Razer Headset RZ04-00720200-R3M1 Battlefield3 Razer BlackShark Gaming Retail

Average User Rating:
3.5/5,
  1. Kade7596
    4.5/5,
    "Most powerful bass I've ever heard in any headphones."
    Pros - Price; build quality of everything but the cable; Kick-you-in-the-head bass; clear mids and highs with some tweaks
    Cons - Low product availability -- may be hard to find; physically weak cord was somehow completely severed while left unattended.
    I joined minutes ago JUST to leave a positive review of the Razer Blackshark headset to balance out the negative ones here... and the reason I joined to leave this review is that I just received the first headphones I've ever spent more than $100 on: V-MODA's Crossfade Wireless.
     
    After reading so many reviews praising the Crossfade M-100 and Wireless's 'v-shaped sound' and 'powerful bass,' I was expecting something similar to or better than what I had in my Razer Blackshark Expert 2.0 headset before its cord was mysteriously severed on a vacation. My impression of the V-MODA Crossfade Wireless so far is that I'll never pay over $100 for headphones again. I had found the Blackshark headset for $60 refurbished and it was like new and even with the Crossfade Wireless now in-hand, I still miss the Blackshark headset and I should've replaced it for another $60 instead.
     
    My Razer Blackshark headset wasn't the model pictured. Mine was the black, chrome, and green model called Razer Blackshark Expert 2.0. That model isn't already reviewed here, and the "Battlefield" model is just an aesthetic difference.
     
    Now, despite what some of the other reviews here say of the Razer Blackshark headset, I wouldn't say the mids and highs are drowned out by the bass at all. In fact, all frequency ranges -- EQ'd to taste -- sounded more than clear enough while the bass remained the highlight of the headset's sound. I was using only a small, inexpensive portable amplifier (Sound Blaster E1). The detachable microphone's sound quality was also good (but not Blue-level excellent) according to VOIP listeners I spoke to and my own testing.
     
    TL;DR: If you want the bass in your headphones to kick you in the head (something I appreciate), the Blackshark headset is perfect. I have yet to listen to headphones with stronger drivers... sadly.
     
    Back to the V-MODA Crossfade Wireless as a frame of reference for the Blackshark headset... I won't say I'm entirely disappointed in them, but I will call them overpriced at anything more than $150. I paid $270 (10% off the $300 MSRP). The sound quality is, to my ear, not worth $200 more than the Blackshark headset I had just before these and I was VERY let down by the bass produced by the Crossfade's 50mm drivers. Naturally, I tried to amplify the bass using various EQ settings and 'bass boost' settings on the E1, but that just resulted in muddy distortion. I was unable to achieve the head-kicking bass of the Blackshark headset. This was part of a promotion wherein I also received a "free" BoomPro microphone (which I am also not entirely happy with; the mic's 'boom' arm is a bit too short and doesn't hold its position well) as well as 3D printed custom ear cup 'shields.' The shields are nice and should always be included in the MSRP of $300. Outside of this promotion, I'm pretty sure V-MODA charges extra for 3D printed shields.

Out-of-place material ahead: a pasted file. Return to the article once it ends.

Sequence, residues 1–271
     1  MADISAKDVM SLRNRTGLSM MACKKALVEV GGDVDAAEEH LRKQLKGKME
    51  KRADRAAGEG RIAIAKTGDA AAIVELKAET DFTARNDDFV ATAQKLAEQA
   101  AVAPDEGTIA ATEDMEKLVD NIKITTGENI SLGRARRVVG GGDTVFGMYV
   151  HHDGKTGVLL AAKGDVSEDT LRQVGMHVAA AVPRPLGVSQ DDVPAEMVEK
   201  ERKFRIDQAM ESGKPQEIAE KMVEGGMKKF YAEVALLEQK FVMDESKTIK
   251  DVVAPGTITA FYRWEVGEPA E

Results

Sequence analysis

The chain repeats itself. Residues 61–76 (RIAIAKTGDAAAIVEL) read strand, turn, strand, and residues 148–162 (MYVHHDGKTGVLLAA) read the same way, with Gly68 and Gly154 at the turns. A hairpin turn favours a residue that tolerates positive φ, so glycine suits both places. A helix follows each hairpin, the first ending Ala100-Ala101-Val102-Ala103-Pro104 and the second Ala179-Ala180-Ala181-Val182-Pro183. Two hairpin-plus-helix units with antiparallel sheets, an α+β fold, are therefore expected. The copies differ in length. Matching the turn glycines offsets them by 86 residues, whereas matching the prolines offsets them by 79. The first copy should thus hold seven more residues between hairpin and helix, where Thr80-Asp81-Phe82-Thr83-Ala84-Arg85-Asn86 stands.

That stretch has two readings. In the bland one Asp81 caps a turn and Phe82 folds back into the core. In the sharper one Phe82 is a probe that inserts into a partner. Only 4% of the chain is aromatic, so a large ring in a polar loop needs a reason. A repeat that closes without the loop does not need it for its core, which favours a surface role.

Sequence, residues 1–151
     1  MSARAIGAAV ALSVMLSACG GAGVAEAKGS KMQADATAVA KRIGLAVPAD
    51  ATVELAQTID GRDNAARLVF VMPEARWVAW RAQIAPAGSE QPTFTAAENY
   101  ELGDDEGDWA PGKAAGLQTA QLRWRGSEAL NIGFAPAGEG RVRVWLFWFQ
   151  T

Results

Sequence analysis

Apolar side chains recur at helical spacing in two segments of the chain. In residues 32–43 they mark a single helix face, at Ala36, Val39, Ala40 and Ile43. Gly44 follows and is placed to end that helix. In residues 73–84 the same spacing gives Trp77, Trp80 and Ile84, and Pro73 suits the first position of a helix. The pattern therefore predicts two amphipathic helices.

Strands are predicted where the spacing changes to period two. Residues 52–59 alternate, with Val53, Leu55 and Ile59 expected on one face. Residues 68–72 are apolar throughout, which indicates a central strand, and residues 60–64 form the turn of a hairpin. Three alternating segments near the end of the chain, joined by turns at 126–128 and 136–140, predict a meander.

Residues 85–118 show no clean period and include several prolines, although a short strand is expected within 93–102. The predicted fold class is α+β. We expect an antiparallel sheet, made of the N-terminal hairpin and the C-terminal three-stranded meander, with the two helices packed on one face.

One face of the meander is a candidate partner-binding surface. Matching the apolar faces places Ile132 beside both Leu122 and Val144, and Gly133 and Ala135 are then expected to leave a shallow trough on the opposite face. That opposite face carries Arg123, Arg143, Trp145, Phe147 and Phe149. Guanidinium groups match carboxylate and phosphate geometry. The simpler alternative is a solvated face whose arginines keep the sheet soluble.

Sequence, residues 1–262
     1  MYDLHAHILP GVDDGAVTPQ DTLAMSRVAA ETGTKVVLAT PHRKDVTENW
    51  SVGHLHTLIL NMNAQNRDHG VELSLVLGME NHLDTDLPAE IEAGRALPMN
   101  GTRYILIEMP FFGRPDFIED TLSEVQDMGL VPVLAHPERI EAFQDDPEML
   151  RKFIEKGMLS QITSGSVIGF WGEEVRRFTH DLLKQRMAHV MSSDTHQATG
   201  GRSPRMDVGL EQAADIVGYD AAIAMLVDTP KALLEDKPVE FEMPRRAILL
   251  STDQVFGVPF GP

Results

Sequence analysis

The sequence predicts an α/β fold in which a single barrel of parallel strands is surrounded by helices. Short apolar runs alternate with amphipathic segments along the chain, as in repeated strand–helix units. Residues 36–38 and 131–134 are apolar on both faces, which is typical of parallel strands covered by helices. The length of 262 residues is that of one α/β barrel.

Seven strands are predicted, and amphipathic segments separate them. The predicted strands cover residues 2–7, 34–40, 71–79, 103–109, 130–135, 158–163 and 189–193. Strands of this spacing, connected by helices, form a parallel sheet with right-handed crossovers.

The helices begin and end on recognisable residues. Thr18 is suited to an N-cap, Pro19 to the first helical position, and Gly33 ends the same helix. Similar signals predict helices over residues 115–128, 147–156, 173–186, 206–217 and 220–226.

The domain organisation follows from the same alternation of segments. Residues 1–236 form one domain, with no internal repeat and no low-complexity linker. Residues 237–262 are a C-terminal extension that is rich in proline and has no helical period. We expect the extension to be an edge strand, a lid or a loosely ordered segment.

Val really sold the whole 'artisan audiophile' thing in interviews, here on Head-Fi, elsewhere, etc. and so I gambled with my $300. I wish I weren't disappointed in the bass, but I am. Very much so. They just aren't as powerful as the drivers in Razer's Blackshark Expert 2.0 headset and no amount of amplification gets them there. At this point, I'm dying to be proven wrong because I love the build quality and aesthetic of the Crossfade Wireless headphones as well as the Bluetooth capability to a lesser extent (any headset can be made Bluetooth wireless)... If someone wants to convince me that I the Crossfade Wireless just need a stronger amplifier, I'm willing to be reasoned with... but the fact that they 'hit their limit' and became muddy and distorted at high volume with the bass cranked up via EQ + amplifier leaves me difficult to convince.

    #!~Kade
  2. peperico
    4.0/5,
    "I like em..."
    Pros - nice deep bass, clear middles, mediocre tops
    Cons - can feel tight if you have large ears, needed a bit of care initially
    overall, a decent piece of kit for 90 pounds. fairs good in games (i find the noise cancelling mic great, others say they hear me very very clearly, all the time) but finds true love with music. running off computer with sound blaster zxr's and well pleased with clarity and all-roundness. can't compare with my akg k712's - but hey, the k712 pro is in a league of it's own and never leaves my house :cool:
  3. ccaian
    2.0/5,
    "Horrible Sound"
    Pros - Sexy, somewhat comfortable, good mic.
    Cons - Sound
    The sound for these cans suck. Without any eq settings, the bass clearly overpowers the mids and highs. I tried lowering the lower frequencies, but what I got was even worse. The mids and highs sounded distorted and lack some serious detail. It also sounded wrong, listening to my favourite songs made me sick. It is like it wasn't balanced or something, and the mids and highs sounded really weird and is extremely harsh. It also has that really bloated sound. I can't explain it too well, you'll have to get it yourself and try it out. 
     
    Overall I think its best to stick to gaming with these headphones, cause its absolutely rubbish with music.